This sentence is clearly not unambiguous.
What means: "in certain regions of parameter space"?
In the cosmological multiverse, regions unlike our own are unambiguously there, even if we can't reach them.
The very use of the word "unambiguously" make the whole sentence unclear or ambiguous.
Consider the multiverse. It is often invoked as a potential solution to some of the fine-tuning problems of contemporary cosmology. For example, we believe there is a small but nonzero vacuum energy inherent in empty space itself. This is the leading theory to explain the observed acceleration of the universe,
This may be true but acceleration has no relation with the multiverse theory.
The acceleration of the universe is not by vissible means observed. It is calculated based on observations and by using a model.


Reflection part 3 Sabine Hossenfelder

This Blog starts with the text:
Richard Dawid argues that physics, or at least parts of it, are about to enter an era of post-empirical science. By this he means that “theory confirmation” in physics will increasingly be sought by means other than observational evidence because it has become very hard to experimentally test new theories.
The last is correct but that does not mean that no observational evidence is required. It is a must
Anyway most theories start with different observations. The theory than describes the relations between those observations which are not known. The theory often describes how does relations can be modified and what the outcome will be. The theory is demonstrated to be true when these newly predicted observations are actually observed.

For further reading see: String theory and post-empiricism In this article Richard Dawid is interviewed by Richard Marshall
It is clear that Richard Dawid is not the most appropiate person to evaluate what the relation between physics and string theory should be, because of on his own involvement is string theory.


Reflection part 4 Alan Sokal

What is science and why should we care? — Part I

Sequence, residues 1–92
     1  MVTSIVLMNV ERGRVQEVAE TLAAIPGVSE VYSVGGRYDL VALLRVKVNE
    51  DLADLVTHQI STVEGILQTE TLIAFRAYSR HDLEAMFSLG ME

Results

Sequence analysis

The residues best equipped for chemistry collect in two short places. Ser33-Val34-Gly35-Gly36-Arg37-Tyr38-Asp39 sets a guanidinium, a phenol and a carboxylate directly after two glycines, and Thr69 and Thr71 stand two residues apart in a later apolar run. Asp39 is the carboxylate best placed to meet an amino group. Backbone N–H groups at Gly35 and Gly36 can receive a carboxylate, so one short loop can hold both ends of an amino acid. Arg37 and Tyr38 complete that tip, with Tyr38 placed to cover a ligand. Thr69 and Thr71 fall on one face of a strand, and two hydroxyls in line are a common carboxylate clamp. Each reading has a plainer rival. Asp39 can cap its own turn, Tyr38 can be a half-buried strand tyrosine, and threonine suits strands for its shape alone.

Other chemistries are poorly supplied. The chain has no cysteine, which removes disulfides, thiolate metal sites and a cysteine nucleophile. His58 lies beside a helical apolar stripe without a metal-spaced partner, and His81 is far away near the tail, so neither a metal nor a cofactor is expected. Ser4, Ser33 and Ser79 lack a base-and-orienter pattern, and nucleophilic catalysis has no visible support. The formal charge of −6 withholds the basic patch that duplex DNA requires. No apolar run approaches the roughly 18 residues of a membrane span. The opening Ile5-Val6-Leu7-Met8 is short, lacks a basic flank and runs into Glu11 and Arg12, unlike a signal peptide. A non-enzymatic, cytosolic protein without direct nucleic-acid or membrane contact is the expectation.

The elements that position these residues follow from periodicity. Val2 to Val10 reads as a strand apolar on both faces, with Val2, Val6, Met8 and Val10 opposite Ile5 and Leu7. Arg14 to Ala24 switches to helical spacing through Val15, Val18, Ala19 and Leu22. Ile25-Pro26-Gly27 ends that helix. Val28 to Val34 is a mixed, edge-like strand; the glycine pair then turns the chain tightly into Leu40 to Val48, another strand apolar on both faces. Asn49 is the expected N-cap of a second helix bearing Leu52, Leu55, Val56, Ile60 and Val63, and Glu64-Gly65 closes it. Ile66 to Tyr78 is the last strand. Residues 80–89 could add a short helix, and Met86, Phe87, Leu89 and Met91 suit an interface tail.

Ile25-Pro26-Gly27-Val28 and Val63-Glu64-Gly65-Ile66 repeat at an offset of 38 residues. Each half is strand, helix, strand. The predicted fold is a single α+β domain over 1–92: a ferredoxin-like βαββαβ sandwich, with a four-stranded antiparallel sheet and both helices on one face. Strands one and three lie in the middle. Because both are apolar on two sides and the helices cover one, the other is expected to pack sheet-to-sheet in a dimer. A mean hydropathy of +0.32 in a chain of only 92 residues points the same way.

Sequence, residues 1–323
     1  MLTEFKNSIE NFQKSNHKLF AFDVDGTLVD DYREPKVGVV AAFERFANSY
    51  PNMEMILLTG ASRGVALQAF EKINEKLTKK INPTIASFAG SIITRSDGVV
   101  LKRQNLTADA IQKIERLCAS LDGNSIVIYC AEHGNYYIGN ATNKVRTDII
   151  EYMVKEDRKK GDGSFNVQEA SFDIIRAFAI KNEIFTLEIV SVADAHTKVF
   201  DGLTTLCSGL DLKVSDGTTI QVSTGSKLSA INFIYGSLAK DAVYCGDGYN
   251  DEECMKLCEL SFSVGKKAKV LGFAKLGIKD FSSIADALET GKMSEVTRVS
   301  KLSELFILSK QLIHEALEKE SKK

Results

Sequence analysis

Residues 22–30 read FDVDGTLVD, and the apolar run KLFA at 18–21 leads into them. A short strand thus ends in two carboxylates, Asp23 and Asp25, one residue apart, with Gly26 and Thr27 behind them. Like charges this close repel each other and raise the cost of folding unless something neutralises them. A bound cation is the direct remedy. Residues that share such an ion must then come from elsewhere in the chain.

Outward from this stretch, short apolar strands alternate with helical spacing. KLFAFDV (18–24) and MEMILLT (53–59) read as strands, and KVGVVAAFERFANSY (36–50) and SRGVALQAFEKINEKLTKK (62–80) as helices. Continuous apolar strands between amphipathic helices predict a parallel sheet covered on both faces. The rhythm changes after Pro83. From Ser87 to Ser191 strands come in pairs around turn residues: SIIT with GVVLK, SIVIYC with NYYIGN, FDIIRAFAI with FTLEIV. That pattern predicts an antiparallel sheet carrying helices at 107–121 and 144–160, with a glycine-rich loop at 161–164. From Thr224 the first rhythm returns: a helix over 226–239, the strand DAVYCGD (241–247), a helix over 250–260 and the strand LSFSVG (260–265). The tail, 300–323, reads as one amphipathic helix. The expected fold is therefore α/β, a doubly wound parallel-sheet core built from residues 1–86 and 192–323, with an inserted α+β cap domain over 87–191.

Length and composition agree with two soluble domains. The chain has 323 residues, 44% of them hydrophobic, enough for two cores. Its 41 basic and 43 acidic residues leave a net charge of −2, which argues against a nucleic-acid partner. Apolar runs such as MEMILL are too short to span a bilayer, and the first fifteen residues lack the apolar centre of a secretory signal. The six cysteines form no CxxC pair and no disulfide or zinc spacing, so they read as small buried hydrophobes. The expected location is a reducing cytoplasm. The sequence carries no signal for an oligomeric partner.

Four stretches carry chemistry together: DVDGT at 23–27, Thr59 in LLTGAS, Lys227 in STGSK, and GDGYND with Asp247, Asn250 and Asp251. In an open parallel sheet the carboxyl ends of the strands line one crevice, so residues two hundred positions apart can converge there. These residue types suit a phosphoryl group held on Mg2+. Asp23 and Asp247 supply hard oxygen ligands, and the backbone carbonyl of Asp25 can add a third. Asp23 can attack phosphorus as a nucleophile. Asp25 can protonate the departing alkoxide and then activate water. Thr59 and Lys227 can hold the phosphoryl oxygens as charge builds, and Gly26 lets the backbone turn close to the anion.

Thus, by science I mean, first of all, a worldview giving primacy to reason and observation and a methodology aimed at acquiring accurate knowledge of the natural and social world.
Accepted. The discussion is here about natural world.
The extraordinary successes of the natural sciences over the last 400 years in learning about the world, from quarks to quasars and everything in-between, are well known to every modern citizen: science is a fallible yet enormously successful method for obtaining objective (albeit approximate and incomplete) knowledge of the natural (and to a lesser extent, the social) world.
Accepted.
But, surprisingly, not everyone accepts this; etc.
Such people insist that so-called scientific knowledge does not in fact constitute objective knowledge of a reality external to ourselves, but is a mere social construction, on a par with myths and religions, which therefore have an equal claim to validity.
IMO physical problems and social problems have both an equal claim to validity.
This implies that what they claim should be clear and testable. The problem is that in many social problems related to human behavior this is not the case.
IMO the discussion is not here about social problems but about the natural world which describes and discusses processes completely independent of human activities.
If such a view seems so implausible that you wonder whether I am somehow exaggerating, consider the following assertions by prominent sociologists:
That is what they call: a whole different ball game.


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Created: 23 December 2014